Once again, anti-Israel activists are busy organizing their annual “Israel Apartheid Week” hullabaloo, which they apparently hope to stretch out over some three weeks from mid-February to early March.
It is a pathetically undignified spectacle – indeed, if the intention was to discredit the Palestinian cause, it wouldn’t be all that easy to come up with something more embarrassing.
As Professor Gideon Shimoni, who authored a book about the Jewish community in apartheid South Africa, has pointed out, it is utterly disingenuous to transform “the term ‘apartheid’ from the description of a singular historical phenomenon in a particular time and place – South Africa from about 1948 to 1994 – into a generic concept. This deceptive device functions much like use of the term ‘holocaust’ to describe any and all human disasters.”
Shimoni also emphasized that there can be no comparison between the conduct of the African National Congress (ANC) and the PLO and other Palestinian factions:
“In South Africa the blacks started with a tradition of non-violent resistance. They tried in every peaceful way to argue their case, only turning to violence as a last resort, because the other side refused to negotiate. Even when the African National Congress (ANC) turned to violence, its nature was incomparable with the barbarically indiscriminate practice not only of the Hamas and the Islamic Jihad but even of the PLO. […] Comparing the Palestinian struggle to that of the ANC is an absolute insult to the latter’s historical record.”
Moreover, Shimoni argued that
the Israel=apartheid fallacy can serve as a litmus test for distinguishing between those who are hostile to Israel’s very existence and those who are conscientious critics of the policies and actions of Israel’s governments and public.
This is a crucial point, because all the activist verbiage about “legitimate” Palestinian rights, justice and equality cannot obscure the fact that those who have made a career of demonizing Israel as an apartheid state plainly share the Iranian president’s view that Palestinian “rights” will only be fully realized in a “world without Zionism.” In other words, this view posits that the realization of Palestinian rights requires the denial of the Jewish right to self-determination and the abolition of the Jewish state.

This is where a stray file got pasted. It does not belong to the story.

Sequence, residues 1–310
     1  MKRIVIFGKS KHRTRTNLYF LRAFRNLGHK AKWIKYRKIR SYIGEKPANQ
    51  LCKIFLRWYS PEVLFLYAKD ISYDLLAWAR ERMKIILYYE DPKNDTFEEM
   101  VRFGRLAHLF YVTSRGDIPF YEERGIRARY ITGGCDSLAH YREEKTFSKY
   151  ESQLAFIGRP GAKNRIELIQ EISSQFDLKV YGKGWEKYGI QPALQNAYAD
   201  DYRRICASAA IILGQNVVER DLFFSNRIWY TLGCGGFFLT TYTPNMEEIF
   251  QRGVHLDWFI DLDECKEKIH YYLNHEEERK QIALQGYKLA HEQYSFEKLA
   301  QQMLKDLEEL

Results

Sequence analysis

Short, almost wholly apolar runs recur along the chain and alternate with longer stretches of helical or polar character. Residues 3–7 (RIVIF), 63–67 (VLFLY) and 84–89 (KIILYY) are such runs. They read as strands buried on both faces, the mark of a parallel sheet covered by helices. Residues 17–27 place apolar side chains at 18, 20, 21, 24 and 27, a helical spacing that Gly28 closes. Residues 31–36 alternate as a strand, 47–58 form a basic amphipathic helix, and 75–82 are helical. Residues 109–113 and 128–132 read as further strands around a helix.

But professional demonizers of Israel like Ali Abunimah tend to tailor their message. When Abunimah addresses a broader audience, he will emphasize “Palestinian rights and international law,” but when he addresses primarily his faithful fan club, he will leave no doubt that “apartheid”-activists like him have no interest in a Palestinian state alongside Israel:
As these tweets demonstrate nicely, Israel doesn’t have to do anything to be demonized: the fantasies of Ali Abunimah are enough to get him going.
In the screenshot above, you also see a retweet from benabyad, aka Ben White, a fellow-blogger at Ali Abunimah’s Electronic Intifada and author of a book on “Israeli Apartheid.” White tweeted his pride in being quoted in a Knesset debate by MK Hannen Zoabi, who contributed a Foreword to his most recent book – which is in itself a splendid illustration of “Israeli Apartheid:” an Arab – excuse me: Palestinian – MK who, with impunity, spends a lot of time engaging in activities designed to undermine the state in whose parliament she is serving, all the while complaining about discrimination… Where else in the Middle East could she do this?
Ben White is of course also convinced that there shouldn’t be a Jewish state in any borders – indeed, his CV consists only of anti-Israel activism – but he often prefers to put it in a less than straightforward way. For example, when he was recently interviewed on the website Jadaliyya, he was asked what audience he was trying to reach with his new book and what impact he hoped for: